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What max Internet speed of a PC can get if 3 PCs are connected to 210 Mbps router

Last response: in Networking
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April 18, 2014 10:41:44 PM

Hello,

I am thinking about this question for a couple of hours and can not find an answer. I am wondering if someone can help.

A) If three same PCs with gigabit Ethernet card are directly connected to a 210 Mbps bandwidth router which connecting to a modem, then go to Internet. What max Internet speed each PC can get? Assume three PCs are all online streaming at same time. The bandwidth of Internet is 105 Mbps.

A. 210 Mbps
B. 105 Mbps
C. 70 Mbps
D. 35 Mbps

B) If these three same PCs are directly connected to a 10/100/1000 switch first, then the switch connects to the router, will max Internet speed of each PC increase or remain same as in case A?

Thanks for your helps,
April 18, 2014 10:50:00 PM

The pc's will be sharing the bandwidth

How they share it could be interesting

Installing a switch wont make any difference
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April 18, 2014 11:19:24 PM

Outlander_04 said:
The pc's will be sharing the bandwidth

How they share it could be interesting

Installing a switch wont make any difference


Thank Outlander. Do you imply that each PC can get 35 Mbps roughly as sharing 105 Mbps Internet? If the router is 10/100 LAN router, then the router should not be the problem for sharing bandwidth?

Thanks.
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April 18, 2014 11:28:35 PM

The bandwidth at the modem/router has to be shared by the pc's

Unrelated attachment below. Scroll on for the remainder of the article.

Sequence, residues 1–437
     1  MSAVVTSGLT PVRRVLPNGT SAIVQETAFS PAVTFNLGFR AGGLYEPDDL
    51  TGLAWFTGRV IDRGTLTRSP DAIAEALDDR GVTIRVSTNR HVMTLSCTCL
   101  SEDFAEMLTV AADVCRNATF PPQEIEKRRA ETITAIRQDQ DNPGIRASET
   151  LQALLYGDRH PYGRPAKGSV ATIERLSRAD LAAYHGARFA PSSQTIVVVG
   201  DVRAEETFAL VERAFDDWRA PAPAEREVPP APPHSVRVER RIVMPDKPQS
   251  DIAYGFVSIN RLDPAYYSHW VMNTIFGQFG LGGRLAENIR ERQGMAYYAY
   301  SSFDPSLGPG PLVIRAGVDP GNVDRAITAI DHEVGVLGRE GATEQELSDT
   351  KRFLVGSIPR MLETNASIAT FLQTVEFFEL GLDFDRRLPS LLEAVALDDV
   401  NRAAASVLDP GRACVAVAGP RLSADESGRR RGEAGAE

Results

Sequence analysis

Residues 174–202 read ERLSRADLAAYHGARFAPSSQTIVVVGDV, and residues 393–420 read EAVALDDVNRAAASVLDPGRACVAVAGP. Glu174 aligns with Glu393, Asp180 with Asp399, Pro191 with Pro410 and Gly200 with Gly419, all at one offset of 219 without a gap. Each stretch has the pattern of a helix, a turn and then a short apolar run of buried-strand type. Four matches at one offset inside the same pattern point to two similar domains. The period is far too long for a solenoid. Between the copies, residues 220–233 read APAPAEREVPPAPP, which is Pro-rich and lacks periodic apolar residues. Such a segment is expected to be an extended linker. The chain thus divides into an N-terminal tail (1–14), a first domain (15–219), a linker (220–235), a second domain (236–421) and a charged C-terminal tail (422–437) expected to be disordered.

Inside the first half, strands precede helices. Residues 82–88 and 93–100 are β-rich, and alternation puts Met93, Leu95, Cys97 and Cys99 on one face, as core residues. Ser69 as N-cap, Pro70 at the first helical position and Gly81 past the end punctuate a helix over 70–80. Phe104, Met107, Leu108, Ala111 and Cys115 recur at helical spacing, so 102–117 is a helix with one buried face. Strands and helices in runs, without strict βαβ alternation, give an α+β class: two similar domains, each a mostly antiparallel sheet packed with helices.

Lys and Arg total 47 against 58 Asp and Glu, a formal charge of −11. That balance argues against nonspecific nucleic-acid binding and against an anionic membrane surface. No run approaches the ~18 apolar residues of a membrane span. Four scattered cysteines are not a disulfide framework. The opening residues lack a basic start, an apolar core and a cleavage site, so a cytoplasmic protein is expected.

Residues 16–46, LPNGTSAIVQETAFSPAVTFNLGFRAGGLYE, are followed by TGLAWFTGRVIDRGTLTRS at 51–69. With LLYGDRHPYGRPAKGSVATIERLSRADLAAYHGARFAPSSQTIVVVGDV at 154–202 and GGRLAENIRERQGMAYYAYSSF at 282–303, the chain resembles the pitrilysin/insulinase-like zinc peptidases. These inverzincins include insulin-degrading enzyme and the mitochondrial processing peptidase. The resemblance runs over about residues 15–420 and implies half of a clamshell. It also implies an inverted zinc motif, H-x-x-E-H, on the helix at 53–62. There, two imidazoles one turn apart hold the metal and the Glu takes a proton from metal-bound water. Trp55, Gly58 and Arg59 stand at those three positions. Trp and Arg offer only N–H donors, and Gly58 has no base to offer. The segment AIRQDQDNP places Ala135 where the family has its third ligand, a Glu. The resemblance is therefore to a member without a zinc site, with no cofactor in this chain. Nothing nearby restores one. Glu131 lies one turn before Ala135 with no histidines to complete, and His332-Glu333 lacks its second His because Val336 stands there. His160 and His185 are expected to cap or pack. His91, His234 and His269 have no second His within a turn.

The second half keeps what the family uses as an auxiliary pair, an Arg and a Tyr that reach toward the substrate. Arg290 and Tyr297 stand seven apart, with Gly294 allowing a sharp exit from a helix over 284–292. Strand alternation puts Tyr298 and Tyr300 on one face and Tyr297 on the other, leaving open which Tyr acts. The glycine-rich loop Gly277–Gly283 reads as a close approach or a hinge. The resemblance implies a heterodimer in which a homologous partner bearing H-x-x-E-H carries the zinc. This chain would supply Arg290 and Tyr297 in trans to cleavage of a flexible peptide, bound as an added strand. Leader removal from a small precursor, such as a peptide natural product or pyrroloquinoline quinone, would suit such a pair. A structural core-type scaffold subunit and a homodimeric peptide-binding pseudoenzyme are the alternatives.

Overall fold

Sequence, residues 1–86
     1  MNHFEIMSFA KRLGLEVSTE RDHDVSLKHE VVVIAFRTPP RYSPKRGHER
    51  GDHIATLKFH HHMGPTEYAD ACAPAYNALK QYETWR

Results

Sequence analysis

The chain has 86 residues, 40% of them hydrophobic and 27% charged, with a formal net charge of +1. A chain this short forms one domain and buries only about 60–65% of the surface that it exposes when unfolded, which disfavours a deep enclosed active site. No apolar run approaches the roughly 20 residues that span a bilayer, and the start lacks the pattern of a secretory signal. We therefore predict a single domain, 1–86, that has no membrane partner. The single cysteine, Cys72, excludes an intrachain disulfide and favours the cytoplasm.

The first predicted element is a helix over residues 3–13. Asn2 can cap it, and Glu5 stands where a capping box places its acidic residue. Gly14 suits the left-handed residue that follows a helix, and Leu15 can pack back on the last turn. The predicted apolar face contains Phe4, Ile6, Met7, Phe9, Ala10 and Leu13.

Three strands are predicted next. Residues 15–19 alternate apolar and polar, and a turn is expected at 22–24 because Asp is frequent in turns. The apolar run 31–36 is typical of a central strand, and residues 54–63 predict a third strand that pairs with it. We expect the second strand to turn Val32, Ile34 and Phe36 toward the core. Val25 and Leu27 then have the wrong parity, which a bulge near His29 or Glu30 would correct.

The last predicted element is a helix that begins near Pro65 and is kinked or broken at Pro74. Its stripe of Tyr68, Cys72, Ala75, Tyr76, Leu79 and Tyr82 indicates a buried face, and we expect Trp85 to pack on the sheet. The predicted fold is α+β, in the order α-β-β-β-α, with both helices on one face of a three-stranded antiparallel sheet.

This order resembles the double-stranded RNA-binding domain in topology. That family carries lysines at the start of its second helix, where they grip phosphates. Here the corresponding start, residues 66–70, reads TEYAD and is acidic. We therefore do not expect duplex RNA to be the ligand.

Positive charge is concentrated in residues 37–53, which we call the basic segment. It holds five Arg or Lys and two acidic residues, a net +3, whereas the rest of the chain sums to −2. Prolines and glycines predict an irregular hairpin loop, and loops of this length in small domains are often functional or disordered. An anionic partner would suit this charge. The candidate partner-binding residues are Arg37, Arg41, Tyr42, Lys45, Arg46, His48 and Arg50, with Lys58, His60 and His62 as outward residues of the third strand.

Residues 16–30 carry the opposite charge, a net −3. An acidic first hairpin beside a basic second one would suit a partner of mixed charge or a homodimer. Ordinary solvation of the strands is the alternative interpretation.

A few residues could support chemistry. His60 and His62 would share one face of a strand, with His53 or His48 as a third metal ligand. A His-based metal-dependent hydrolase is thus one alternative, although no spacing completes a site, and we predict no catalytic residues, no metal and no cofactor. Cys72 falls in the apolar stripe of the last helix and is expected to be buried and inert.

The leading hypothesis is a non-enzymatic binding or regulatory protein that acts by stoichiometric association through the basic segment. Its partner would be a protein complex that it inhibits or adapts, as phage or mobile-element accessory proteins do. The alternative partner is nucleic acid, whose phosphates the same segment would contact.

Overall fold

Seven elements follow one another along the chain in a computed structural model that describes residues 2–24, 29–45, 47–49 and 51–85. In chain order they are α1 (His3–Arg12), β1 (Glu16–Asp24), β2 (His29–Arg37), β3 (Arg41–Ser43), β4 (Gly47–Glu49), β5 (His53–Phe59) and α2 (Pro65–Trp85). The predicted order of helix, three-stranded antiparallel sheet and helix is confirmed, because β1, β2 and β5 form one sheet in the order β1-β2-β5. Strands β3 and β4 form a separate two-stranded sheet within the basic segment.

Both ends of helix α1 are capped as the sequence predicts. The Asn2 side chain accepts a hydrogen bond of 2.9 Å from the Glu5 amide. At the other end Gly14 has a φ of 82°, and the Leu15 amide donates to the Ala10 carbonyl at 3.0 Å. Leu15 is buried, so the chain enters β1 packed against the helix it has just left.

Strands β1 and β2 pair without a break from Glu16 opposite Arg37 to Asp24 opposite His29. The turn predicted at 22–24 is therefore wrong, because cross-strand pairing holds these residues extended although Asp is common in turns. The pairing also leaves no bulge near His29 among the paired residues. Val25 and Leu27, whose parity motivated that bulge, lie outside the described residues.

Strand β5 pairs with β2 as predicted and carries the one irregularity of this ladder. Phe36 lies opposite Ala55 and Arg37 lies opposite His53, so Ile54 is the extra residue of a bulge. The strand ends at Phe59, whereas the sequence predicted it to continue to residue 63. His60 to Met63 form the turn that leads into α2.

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April 19, 2014 5:47:31 AM

Outlander_04 said:
The bandwidth at the modem/router has to be shared by the pc's


Well. my friend has two same PCs with gigabit Ethernet card. These two PCs are directly connected to a 10/100 Mbps bandwidth router which connecting to a modem, then go to Internet. Guess what is the Internet speed when one PC accesses to Internet and two PC access to Internet respectively (The Internet bandwidth is 105 Mbps)

"bandwidth has to be shared" is still not clear bandwidth portion each PC is using.



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April 19, 2014 6:14:15 AM

This almost looks like a homework question.

Very technically none of the answers are correct because they are being overly simplistic. When data is being constrained traffic is randomly dropped and the response to the lost traffic by the application varies a lot.

So if all 3 PC are streaming 1g of data though a 100m connection 2.9g of data must be discarded. It is completely random so it is impossible to predict how much any particular device gets. Realistically all three would in effect get no "usable" data through the connection because of the excessive discards.
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April 19, 2014 9:49:26 AM

bill001g said:
This almost looks like a homework question.

Very technically none of the answers are correct because they are being overly simplistic. When data is being constrained traffic is randomly dropped and the response to the lost traffic by the application varies a lot.

So if all 3 PC are streaming 1g of data though a 100m connection 2.9g of data must be discarded. It is completely random so it is impossible to predict how much any particular device gets. Realistically all three would in effect get no "usable" data through the connection because of the excessive discards.


Thanks Bill for reading my post.

In your case if I use a 10/100 WAN/LAN router instead of a 210 Mbps gigabit router, will be significant speed slow down for each computer? If so, why.